The University of Pennsylvania Penn Carey Law School will not submit data for the U.S. News & World Report rankings next year, joining a flurry of other top law schools who recently made the same decision.
The school announced the decision in a statement released on Friday. In the statement, Penn Carey Law echoed other criticism of the rankings, describing them as "unnecessarily secretive and contrary to important parts of our mission," including undercounting financial aid expenditures.
"After careful consideration, the University of Pennsylvania Carey Law School will not submit the U.S. News & World Report institutional survey for this year as part of the ranking process," the statement read. "In the interest of greater transparency, we will make relevant data public so that anyone can see the inputs that make Penn Carey Law a leading law school and how our alumni launch careers in every sector of the legal profession."
The decision comes after Penn Carey Law said it was evaluating its participation in the rankings following announcements from Yale Law School and Harvard Law School that they would stop submitting data to U.S. News. Since Yale and Harvard's announcements, a number of top law schools have followed suit, including Columbia University, Stanford University, the University of California at Berkeley, and the University of Michigan.
Other schools in the U.S. News top 14, including the law schools of Cornell University – recently ranked No. 12 — and the University of Chicago — ranked No. 3 — have said that they will stick with participating in the rankings.
"Withdrawal from the rankings process will not have the desired impact that many assume that it will have,” Cornell Law School Dean Jens Ohlin wrote in a statement to the Cornell Daily Sun.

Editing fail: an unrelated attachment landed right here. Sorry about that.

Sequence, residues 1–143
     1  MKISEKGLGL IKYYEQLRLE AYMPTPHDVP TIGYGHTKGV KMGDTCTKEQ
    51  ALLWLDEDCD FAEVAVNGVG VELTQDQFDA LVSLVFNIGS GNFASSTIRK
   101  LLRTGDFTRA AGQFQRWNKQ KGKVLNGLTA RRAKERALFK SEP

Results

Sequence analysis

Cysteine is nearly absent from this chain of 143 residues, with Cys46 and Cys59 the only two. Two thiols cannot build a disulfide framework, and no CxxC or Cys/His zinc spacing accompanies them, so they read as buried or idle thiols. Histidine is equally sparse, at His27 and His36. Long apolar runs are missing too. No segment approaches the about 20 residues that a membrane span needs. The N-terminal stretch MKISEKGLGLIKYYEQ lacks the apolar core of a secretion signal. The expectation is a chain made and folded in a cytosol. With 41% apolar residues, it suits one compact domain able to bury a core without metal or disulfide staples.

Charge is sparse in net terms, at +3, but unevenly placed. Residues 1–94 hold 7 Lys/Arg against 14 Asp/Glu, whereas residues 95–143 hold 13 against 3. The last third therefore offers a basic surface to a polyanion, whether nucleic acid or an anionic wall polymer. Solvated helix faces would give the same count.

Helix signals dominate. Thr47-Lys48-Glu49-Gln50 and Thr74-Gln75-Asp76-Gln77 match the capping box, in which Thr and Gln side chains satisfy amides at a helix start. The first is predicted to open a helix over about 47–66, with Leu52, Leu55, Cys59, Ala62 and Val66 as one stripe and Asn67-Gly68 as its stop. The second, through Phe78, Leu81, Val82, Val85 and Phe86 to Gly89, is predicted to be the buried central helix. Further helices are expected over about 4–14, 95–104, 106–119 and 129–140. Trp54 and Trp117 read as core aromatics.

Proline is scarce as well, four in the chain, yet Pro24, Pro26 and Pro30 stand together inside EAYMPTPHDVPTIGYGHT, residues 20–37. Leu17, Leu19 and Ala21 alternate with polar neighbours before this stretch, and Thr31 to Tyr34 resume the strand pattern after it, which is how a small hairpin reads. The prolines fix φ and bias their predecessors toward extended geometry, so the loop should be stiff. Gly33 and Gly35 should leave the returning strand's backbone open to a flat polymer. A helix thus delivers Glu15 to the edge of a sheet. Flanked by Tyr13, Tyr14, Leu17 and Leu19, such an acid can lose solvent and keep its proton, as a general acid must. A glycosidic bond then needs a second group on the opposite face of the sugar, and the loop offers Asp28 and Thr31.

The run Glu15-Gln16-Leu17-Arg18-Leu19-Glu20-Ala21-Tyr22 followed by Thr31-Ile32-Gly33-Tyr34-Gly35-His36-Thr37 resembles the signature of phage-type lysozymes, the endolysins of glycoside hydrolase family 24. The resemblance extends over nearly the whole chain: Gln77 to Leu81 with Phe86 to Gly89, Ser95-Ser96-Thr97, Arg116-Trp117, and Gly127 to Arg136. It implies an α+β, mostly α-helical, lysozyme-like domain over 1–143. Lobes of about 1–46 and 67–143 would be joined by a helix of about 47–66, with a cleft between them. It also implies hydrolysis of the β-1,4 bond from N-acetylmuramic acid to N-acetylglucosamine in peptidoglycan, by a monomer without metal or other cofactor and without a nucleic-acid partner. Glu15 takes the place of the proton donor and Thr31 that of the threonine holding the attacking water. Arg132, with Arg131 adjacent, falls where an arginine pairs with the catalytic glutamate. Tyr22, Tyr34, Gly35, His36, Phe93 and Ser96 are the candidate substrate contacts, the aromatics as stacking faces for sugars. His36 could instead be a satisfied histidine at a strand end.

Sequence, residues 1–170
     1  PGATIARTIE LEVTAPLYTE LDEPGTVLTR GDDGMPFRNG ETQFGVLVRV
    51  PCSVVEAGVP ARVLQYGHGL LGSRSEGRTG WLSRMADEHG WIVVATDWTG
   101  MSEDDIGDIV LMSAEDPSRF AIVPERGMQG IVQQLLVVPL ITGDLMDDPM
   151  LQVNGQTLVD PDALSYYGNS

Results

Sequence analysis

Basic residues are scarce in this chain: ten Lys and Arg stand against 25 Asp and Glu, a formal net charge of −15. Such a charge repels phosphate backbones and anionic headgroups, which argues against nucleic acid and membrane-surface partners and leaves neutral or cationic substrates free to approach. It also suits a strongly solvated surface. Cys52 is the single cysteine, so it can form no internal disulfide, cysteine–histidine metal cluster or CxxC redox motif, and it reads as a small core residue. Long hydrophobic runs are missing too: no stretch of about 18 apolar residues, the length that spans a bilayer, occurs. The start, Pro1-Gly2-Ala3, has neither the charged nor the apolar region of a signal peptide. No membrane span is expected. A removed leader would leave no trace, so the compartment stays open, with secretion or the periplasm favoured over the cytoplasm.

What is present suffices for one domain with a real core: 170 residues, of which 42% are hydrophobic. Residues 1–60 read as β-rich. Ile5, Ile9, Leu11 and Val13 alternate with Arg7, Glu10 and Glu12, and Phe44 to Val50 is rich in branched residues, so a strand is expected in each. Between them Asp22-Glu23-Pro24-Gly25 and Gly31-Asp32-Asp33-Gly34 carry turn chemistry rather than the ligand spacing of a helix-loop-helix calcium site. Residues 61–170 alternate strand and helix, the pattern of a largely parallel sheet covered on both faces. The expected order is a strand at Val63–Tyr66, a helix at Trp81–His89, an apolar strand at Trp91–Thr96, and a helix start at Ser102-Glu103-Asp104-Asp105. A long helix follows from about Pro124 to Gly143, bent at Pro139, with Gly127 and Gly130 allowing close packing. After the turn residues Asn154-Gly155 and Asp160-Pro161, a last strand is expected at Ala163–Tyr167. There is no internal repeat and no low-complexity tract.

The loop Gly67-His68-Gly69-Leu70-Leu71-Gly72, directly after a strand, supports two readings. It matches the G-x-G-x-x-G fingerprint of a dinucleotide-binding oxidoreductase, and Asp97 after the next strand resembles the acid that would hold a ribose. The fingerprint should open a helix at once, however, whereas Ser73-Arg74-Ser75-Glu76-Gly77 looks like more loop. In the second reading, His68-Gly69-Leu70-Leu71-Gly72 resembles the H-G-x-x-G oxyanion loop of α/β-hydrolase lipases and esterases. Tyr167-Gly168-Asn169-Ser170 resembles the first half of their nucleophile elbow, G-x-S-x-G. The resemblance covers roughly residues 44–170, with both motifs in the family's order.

Schools who decline to participate in their rankings by submitting their data will still be ranked in the U.S. News report, but only based on publicly available data. U.S. News evaluates schools based on several different factors, including graduation rates, academic reputation, and financial resources, according to their website.
The recent boycotts follow several years of multiple law schools voicing their concerns to the U.S. News and the U.S. News Law Dean's Advisory Board. The company's rankings have been subject to increased scrutiny in recent years regarding their validity and weight. In September, U.S. Secretary of Education Miguel Cardona said he believes that systems of ranking colleges based on prestige are “a joke.”
Colin Diver, who served as Penn Carey Law dean from 1989 to 1999, said that U.S. News began annual rankings of law schools in 1990, his second year as dean. Over time, he became opposed to the U.S. News rankings. He told the DP that he visited the headquarters of U.S. News during his deanship to echo his concerns with their algorithm, but they did not make any changes.
"[The rankings] are in some way a feeder of hyper-consumerism and commercialism and competition in higher education," Diver said, citing a book he published on the rankings industry.
Scrutiny of the U.S. News rankings increased this year after Columbia University confirmed in September that they submitted incorrect data in two categories — causing the University to skip the annual rankings and fall from the second spot to No. 18.
On the 2023 U.S. News list, Penn Carey Law ranked No. 6 of all law schools in the United States — the highest ranking the school has achieved to date and the first time that Penn Carey Law has been the sole occupant of the sixth-place spot on the U.S. News list.
Many of Penn Carey Law's specialty programs also earned a boost in the rankings, including Criminal Law & Procedure, which climbed from No. 7 on last year's list to No. 3. The school also ranked No. 5 in Business/Corporate Law, and No. 7 in Contracts/Commercial Law.